The U.S. labor market continues to show signs of tightening, with unemployment claims declining for the third straight week and benefit rolls matching the lowest level since 1973, Labor Department data showed May 18.
Highlights of Jobless Claims
• Initial benefit filings decreased by 4,000 to 232,000, the lowest since late February.
• Continuing claims fell by 22,000 to 1,898,000 in the week ended May 6.
• Four-week average of initial claims declined to 240,750 from 243,500 in the prior week.
Hiring managers remain more occupied with finding workers than trimming staff, with the headline jobless rate drifting below the Federal Reserve’s estimate of full employment.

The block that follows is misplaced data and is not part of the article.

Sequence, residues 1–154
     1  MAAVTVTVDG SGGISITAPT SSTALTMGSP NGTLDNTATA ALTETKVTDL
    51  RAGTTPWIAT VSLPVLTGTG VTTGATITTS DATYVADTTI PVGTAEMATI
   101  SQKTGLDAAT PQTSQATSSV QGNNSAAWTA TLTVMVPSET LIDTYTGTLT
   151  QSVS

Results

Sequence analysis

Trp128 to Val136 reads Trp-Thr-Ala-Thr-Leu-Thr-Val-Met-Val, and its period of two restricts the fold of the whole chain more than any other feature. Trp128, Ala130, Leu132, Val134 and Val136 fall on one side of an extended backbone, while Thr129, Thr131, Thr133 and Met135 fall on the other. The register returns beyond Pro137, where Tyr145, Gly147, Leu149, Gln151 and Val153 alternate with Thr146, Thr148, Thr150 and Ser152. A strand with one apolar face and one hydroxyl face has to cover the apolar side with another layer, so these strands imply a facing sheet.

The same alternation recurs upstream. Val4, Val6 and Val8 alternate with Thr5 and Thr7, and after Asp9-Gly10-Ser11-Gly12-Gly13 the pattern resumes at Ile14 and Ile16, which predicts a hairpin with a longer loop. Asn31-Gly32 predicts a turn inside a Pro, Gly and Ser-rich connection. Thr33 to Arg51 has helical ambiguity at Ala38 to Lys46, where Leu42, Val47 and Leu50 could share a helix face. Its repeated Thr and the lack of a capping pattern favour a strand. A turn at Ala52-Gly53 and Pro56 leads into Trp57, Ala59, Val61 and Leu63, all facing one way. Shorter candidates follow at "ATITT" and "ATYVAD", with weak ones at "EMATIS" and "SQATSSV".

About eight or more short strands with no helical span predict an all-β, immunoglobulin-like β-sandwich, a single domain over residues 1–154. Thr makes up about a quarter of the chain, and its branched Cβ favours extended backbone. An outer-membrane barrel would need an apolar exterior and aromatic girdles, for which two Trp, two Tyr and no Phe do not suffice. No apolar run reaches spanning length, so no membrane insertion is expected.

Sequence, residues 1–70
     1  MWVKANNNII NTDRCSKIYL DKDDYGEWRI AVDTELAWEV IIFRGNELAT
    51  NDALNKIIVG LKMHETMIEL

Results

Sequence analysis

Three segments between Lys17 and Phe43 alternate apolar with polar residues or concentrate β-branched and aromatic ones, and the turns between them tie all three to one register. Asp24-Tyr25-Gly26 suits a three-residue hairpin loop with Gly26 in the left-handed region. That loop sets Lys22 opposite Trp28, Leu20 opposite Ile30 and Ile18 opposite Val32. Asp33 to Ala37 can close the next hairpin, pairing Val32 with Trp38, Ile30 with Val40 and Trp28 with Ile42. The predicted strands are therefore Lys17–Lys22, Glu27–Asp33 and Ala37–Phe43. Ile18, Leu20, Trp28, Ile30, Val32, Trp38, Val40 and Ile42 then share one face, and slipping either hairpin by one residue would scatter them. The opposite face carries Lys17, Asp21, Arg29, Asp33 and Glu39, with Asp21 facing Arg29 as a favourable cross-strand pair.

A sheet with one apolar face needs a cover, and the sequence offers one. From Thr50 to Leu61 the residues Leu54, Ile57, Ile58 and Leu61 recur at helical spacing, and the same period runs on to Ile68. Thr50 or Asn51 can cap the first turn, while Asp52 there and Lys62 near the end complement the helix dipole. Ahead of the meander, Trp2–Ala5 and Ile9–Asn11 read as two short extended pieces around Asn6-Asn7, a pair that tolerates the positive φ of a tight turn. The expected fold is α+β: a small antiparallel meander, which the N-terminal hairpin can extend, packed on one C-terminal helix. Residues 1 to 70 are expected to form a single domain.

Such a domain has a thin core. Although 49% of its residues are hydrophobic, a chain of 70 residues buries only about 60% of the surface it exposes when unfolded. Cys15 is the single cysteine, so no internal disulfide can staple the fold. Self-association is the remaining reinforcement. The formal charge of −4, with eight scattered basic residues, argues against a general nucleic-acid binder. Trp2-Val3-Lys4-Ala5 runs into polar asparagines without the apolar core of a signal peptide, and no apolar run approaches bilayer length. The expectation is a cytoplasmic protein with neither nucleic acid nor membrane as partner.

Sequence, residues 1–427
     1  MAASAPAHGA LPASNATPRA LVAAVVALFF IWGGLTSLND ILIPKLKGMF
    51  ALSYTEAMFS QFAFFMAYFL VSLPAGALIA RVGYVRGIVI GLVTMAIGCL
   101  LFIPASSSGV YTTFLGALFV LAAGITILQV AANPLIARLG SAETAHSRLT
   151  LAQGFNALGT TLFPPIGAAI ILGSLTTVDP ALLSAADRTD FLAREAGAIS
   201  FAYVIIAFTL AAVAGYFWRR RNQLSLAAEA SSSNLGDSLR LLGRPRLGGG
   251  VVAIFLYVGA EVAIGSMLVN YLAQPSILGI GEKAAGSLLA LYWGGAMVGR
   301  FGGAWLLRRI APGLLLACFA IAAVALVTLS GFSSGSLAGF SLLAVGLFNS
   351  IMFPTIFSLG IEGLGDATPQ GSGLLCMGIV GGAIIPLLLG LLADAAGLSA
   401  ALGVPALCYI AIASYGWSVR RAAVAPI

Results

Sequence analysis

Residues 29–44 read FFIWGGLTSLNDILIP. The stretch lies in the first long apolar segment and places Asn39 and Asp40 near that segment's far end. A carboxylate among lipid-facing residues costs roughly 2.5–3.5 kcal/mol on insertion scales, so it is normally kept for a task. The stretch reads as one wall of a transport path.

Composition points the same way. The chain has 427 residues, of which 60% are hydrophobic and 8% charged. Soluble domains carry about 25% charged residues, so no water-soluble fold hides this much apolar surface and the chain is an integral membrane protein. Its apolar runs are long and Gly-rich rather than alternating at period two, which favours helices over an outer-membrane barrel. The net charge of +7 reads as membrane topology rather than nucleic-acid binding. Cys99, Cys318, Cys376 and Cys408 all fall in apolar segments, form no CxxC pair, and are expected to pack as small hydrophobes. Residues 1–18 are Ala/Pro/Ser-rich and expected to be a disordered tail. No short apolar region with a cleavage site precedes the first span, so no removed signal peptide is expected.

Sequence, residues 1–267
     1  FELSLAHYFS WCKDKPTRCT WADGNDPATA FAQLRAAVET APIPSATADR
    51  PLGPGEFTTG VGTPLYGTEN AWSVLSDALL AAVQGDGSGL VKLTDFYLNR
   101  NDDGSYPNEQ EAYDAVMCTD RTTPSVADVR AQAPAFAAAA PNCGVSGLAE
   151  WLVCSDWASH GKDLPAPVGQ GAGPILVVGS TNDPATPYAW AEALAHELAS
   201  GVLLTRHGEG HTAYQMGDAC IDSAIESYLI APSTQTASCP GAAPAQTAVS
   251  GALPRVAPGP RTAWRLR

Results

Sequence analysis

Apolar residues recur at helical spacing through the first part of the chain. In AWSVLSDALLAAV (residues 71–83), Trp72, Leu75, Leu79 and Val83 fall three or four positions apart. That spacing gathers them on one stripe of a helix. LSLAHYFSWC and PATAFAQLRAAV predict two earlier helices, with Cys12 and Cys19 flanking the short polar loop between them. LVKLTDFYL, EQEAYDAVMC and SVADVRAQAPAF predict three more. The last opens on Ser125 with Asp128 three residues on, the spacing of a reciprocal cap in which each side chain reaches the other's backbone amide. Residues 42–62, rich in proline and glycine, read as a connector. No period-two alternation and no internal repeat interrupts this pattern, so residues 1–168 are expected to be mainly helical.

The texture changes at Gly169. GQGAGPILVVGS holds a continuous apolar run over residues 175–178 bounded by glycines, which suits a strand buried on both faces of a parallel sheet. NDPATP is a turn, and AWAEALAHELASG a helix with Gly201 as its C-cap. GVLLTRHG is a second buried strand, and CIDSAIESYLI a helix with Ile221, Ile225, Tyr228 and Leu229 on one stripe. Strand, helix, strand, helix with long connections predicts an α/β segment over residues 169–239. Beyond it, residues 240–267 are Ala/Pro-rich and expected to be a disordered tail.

Benefit claims have been a particularly durable indicator of tightness in the labor market, with initial filings holding at lower than 300,000 for more than two years. The gauge contributes to Fed policymakers’ case that the economy can withstand further increases in the benchmark interest rate this year.
• Previous week’s initial claims were unrevised.
• Unemployment rate among people eligible for benefits unchanged at 1.4%.
• Louisiana had estimated claims last week.